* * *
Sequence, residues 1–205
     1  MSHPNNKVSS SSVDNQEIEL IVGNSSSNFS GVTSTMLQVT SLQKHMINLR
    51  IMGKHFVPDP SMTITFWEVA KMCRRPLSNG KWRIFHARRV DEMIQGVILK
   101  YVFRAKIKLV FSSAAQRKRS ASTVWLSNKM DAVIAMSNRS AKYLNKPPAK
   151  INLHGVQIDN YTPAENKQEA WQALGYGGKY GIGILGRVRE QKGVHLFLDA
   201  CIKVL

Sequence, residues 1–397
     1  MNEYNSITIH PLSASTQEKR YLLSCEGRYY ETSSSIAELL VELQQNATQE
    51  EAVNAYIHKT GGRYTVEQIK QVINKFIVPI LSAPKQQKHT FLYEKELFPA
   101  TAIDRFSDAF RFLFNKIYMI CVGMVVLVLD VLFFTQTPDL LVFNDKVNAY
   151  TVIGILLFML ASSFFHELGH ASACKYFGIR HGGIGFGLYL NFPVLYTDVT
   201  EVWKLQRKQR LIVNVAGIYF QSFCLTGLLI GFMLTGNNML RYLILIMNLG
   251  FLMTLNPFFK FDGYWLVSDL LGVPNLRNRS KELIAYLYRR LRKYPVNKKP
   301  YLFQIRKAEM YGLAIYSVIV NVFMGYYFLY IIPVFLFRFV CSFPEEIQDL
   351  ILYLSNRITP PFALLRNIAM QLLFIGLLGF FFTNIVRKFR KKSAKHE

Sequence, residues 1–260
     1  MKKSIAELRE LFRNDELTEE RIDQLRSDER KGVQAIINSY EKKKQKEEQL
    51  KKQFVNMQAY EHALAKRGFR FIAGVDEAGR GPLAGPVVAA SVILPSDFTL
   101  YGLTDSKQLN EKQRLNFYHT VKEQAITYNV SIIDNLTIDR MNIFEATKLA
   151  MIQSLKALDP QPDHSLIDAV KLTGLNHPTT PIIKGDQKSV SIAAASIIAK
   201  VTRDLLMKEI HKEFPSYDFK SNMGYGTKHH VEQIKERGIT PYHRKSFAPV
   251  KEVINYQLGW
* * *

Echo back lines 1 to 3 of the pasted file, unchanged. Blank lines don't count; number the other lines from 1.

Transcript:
Sequence, residues 1–205
     1  MSHPNNKVSS SSVDNQEIEL IVGNSSSNFS GVTSTMLQVT SLQKHMINLR
    51  IMGKHFVPDP SMTITFWEVA KMCRRPLSNG KWRIFHARRV DEMIQGVILK